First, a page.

Todd Akin on 'GMA': Congressman Apologizes but Remains Defiant (Video)
The Missouri Republican faces down heat from host George Stephanopolous, apologizing for his words but promising to carry on his Senate race.
Todd Akin kept his TV appointment this time.
The Missouri congressman, under fire since Sunday for claiming on a local news broadcast that the female body has ways of avoiding pregnancy as a result of "legitimate rape," appeared Wednesday on Good Morning America, following his last-minute cancellation  of CNN's Piers Morgan Tonight on Monday. Fighting for his political life, Akin has issued an apology  for his comments but also has defended himself against what he calls the "liberal elite."  When GMA host George Stephanopoulos asked him about his apology, he maintained his contrite-but-defiant tone.
"First of all, let me say, that legitimate, the word legitimate, doesn’t ever have a good reason standing next to rape," Akin said. "There’s no rape that is legitimate. And I understand that rape is a terrible and a tragic and a violent crime. And that’s why I have apologized for using that word 'legitimate' because it doesn’t belong there. And I also know that I hurt people. And the first thing that I felt was right to do was to apologize. But I’m not apologizing for the fact that I’m pro-life and that I also believe it’s important to defend the unborn."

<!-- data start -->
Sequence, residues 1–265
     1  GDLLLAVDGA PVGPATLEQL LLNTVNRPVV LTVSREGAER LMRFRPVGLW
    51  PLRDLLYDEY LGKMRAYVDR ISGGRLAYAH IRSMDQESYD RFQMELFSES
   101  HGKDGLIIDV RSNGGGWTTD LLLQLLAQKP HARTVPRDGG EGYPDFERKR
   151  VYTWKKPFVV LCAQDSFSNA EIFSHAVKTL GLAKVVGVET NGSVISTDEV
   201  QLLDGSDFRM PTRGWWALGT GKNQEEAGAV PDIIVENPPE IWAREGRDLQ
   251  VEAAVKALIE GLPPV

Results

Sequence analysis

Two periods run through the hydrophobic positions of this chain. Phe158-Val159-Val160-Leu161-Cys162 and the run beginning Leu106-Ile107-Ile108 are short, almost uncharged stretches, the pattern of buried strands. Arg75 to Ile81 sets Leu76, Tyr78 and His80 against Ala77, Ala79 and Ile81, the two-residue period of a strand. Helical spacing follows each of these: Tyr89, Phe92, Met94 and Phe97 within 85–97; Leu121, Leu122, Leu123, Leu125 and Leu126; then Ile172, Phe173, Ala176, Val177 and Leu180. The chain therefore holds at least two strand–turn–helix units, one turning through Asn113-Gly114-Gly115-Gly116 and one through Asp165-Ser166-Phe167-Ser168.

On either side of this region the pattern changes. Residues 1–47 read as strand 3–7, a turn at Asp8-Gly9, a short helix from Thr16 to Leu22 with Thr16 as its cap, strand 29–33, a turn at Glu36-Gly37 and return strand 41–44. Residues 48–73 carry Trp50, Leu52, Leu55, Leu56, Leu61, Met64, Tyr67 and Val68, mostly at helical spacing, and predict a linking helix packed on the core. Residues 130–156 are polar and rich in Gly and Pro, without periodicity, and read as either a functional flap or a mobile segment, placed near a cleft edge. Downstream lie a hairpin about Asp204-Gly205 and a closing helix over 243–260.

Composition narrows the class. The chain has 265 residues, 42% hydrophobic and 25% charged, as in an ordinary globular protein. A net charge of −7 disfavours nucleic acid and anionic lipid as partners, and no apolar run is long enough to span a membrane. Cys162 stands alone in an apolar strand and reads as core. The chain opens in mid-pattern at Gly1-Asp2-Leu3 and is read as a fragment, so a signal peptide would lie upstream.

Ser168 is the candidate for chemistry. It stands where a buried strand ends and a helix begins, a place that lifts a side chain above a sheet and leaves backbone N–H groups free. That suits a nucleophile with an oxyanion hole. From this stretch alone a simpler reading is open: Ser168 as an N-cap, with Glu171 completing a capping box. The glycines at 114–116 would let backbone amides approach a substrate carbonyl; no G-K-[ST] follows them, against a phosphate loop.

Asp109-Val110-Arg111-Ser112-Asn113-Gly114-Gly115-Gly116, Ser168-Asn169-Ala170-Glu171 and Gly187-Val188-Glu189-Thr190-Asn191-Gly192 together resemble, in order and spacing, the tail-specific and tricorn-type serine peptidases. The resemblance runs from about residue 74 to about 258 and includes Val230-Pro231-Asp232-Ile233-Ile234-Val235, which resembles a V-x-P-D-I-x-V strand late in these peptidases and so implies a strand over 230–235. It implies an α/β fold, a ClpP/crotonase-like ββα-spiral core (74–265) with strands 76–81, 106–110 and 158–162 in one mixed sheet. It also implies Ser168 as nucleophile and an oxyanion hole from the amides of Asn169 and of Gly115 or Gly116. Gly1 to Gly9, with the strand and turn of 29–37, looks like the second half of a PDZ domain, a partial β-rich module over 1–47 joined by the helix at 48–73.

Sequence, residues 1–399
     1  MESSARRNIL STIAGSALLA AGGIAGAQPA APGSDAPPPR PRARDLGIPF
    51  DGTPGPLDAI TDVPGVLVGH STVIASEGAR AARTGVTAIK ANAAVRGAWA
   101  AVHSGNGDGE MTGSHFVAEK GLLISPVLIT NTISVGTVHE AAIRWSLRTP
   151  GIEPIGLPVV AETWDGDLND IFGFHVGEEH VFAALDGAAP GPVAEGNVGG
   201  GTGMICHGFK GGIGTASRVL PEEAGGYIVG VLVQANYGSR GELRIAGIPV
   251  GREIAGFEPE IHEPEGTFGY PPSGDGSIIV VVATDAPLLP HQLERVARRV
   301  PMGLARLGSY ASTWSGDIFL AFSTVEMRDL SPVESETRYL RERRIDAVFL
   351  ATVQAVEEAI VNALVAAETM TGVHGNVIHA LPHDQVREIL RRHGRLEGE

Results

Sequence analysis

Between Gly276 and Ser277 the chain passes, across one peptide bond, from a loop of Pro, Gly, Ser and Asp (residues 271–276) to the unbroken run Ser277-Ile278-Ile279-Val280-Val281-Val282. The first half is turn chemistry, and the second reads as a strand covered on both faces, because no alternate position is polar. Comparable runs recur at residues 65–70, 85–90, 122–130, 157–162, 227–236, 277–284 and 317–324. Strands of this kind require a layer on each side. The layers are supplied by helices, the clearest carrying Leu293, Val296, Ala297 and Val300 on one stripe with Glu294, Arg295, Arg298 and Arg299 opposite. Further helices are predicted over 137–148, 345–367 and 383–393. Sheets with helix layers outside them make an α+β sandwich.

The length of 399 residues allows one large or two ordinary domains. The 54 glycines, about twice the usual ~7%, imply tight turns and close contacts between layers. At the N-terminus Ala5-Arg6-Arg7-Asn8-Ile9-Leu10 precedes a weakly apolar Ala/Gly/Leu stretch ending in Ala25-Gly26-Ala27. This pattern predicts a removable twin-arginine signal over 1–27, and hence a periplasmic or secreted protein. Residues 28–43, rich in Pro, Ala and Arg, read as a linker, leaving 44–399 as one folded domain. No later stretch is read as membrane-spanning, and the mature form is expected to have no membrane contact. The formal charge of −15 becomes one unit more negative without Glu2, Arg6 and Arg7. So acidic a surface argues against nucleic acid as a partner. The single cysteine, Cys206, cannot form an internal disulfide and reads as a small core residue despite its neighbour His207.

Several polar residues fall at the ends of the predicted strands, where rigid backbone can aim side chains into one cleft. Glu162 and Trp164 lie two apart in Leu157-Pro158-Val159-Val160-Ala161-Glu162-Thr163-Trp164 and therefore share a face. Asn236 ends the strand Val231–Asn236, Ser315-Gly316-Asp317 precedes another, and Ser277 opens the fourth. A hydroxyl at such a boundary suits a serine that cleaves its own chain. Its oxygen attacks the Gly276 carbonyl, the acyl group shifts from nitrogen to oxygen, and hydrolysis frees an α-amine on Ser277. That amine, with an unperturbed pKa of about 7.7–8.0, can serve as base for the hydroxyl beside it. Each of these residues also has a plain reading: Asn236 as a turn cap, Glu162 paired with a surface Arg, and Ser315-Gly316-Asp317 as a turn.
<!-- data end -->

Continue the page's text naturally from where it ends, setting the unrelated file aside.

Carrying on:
Akin thus far has refused to leave the Senate race in which he is pitted against incumbent Democrat Claire McCaskill, even as he's abandoned by fellow Republicans, from conservative hosts including Sean Hannity, party operatives like RNC chair Reince Priebus  and all the way up to presidential hopeful Mitt Romney .
Nonetheless, he forges on, working to raise money online and claiming that national "bosses" shouldn't determine the will of Missouri voters. He left room for a potential pullout, but not all that much.
"Well, George, I'm never going to say everything that could possibly happen," he said. "I don't know the future, but I do know this: I know that the party voters took a look at our hearts, understood who we were, had a chance to meet us in many, many different ways and made a decision. And it makes me uncomfortable to think that the party bosses are going to dictate who runs as opposed to the election process."